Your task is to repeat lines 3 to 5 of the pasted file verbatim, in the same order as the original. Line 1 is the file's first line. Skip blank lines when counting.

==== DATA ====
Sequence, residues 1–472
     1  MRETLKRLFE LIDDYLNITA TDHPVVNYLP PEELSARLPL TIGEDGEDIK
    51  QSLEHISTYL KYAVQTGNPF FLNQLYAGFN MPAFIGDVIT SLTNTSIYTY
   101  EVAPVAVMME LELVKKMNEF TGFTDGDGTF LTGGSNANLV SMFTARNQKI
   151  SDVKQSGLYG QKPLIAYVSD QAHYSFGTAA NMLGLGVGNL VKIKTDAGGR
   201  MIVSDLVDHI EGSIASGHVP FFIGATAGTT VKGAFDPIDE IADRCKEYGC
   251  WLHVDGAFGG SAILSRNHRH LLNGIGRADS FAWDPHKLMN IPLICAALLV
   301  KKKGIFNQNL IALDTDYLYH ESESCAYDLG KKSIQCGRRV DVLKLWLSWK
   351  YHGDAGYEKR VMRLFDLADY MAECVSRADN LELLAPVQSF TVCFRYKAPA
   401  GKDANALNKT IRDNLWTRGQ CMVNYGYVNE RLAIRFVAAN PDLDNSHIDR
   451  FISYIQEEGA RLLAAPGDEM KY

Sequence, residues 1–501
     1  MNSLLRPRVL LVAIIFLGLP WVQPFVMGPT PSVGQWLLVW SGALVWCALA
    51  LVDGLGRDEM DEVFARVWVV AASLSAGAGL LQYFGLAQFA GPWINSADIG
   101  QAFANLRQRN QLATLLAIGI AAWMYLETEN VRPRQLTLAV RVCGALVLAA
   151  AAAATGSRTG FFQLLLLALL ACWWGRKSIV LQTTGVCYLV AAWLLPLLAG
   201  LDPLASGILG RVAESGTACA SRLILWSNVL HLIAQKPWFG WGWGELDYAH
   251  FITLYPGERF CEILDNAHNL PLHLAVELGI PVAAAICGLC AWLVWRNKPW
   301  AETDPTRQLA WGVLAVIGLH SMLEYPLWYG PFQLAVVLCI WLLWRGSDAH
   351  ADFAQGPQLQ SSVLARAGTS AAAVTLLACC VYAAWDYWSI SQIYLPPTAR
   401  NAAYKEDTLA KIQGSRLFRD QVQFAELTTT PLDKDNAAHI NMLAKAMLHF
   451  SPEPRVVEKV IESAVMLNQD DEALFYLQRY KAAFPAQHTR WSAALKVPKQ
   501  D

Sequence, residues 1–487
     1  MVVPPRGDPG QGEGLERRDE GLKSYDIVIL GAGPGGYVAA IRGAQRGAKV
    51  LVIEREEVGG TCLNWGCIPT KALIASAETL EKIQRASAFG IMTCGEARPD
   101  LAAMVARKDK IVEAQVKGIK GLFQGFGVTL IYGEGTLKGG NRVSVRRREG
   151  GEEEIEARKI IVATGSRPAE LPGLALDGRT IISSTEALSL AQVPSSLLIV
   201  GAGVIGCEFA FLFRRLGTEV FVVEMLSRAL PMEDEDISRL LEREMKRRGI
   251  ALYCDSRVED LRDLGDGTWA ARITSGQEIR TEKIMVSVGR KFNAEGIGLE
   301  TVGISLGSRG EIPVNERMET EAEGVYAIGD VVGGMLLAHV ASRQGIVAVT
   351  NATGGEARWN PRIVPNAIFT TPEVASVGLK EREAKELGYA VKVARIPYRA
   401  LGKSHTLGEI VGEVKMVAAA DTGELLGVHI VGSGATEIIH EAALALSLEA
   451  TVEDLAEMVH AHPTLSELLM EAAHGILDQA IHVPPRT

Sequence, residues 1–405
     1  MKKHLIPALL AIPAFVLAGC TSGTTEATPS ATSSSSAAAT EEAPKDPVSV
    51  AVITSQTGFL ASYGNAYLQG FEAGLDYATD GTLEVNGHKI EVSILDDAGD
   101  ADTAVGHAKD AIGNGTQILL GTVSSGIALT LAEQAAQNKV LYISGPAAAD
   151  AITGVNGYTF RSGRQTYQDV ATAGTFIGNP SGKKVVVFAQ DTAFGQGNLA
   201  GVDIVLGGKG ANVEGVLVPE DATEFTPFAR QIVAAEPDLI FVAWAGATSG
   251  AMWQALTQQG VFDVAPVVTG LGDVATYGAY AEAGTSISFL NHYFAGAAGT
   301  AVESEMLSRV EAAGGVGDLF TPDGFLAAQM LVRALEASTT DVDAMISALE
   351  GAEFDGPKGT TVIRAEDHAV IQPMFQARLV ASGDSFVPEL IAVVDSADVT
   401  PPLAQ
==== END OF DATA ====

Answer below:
    51  QSLEHISTYL KYAVQTGNPF FLNQLYAGFN MPAFIGDVIT SLTNTSIYTY
   101  EVAPVAVMME LELVKKMNEF TGFTDGDGTF LTGGSNANLV SMFTARNQKI
   151  SDVKQSGLYG QKPLIAYVSD QAHYSFGTAA NMLGLGVGNL VKIKTDAGGR